Climate ChangeEnvironment

We were too optimistic about the glacial melting: already condemned 1 in 2

Analyzed 215 thousand of terrestrial glaciers with satellite images

(sustainabilityenvironment.com) – Even respecting the Paris agreement we will condemn half of the ‘climate watchmen’ around the world. And if we don’t change trajectory from today, which is a 2.7C warmer world, two out of three will disappear. This is what will happen to the most iconic part of the Earth’s cryosphere, glaciers, by the end of this century due to anthropogenic global warming. This is stated by a new study published in Science on 5 January that revised the estimates of the rate of glacial melting.

The result is the most accurate photograph ever produced so far of what will happen in the coming decades to terrestrial glaciers around the planet. The researchers examined 215,000 glacial languages -excluding those of Greenland and Antarctica- measuring them with satellite images from the last 20 years and used models to simulate their future behavior in different global warming scenarios. Resulting in the melting rate of glaciers, how many of them will disappear, and what will be the contribution to the increase in sea level.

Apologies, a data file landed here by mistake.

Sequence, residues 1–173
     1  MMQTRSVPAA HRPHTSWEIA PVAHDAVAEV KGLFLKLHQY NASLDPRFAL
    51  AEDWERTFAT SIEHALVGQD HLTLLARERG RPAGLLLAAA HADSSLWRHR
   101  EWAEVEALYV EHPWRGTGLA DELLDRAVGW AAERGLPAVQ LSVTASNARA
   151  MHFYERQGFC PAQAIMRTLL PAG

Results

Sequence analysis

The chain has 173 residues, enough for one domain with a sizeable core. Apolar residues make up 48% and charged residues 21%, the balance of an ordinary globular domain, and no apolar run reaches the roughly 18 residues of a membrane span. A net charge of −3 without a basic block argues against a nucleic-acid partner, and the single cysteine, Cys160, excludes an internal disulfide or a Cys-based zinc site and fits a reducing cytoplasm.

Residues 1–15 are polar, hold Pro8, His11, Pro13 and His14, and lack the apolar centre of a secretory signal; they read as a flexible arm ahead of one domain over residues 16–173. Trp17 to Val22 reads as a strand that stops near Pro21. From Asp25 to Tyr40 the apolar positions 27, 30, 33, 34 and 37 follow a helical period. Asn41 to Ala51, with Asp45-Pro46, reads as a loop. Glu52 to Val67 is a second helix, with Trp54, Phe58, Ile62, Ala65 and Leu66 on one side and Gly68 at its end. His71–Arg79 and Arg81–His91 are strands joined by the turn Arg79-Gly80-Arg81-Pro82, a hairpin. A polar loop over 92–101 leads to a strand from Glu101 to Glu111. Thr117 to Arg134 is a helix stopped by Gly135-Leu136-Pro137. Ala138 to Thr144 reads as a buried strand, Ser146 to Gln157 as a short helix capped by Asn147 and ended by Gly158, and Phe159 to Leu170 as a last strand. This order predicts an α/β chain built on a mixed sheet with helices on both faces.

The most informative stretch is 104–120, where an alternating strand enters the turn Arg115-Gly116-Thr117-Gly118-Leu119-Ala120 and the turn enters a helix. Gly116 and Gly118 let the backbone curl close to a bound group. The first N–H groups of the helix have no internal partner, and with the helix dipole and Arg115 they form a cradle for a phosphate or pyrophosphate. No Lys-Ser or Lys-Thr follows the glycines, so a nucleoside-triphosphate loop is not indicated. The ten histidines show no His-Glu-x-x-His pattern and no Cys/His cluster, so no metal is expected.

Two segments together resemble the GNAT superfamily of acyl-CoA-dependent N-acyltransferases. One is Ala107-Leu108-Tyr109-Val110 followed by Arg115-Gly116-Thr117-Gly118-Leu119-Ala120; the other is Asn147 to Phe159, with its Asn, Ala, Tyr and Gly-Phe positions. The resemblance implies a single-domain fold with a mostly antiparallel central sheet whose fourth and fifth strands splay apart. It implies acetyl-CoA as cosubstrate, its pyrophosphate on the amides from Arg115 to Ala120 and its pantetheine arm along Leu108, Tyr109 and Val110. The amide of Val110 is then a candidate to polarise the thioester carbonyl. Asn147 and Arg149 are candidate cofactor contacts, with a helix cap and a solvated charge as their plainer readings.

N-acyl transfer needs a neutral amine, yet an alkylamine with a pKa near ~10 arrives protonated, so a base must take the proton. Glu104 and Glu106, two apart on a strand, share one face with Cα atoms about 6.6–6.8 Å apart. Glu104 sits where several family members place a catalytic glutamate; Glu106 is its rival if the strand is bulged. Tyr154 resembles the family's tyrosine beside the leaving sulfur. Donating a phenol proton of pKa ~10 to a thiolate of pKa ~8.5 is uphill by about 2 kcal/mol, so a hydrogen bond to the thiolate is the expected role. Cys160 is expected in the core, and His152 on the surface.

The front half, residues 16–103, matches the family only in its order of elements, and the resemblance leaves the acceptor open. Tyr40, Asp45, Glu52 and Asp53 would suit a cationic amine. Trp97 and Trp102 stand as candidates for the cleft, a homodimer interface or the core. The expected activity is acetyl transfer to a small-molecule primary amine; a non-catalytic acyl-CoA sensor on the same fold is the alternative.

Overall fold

New estimates of the rate of glacial melting

With an increase in global temperature of 1.5°C, according to new estimates -more pessimistic than those accepted so far, which were based on the extrapolation of data rather than on spot and sweeping measurements- 49% of Earth’s glaciers will disappear by 2100. In an emissive scenario like the current one, which foresees a warming of 2.7C, 68 glaciers out of 100 will disappear and 32% of the total glacial mass will be lost. The worst-case scenario, however unlikely, is that 83% of glaciers are founded by the end of the century.

Depending on which of these three scenarios occurs, the rise of the seas will vary greatly. With a rate of glacial melting dictated by a world of 1.5 degrees warmer, the contribution to the increase in water level by the end of the century should be around 9 cm. But in a scenario like today, this value rises to 11,5 cm. Data are significantly higher than those accepted so far, even by 23%.

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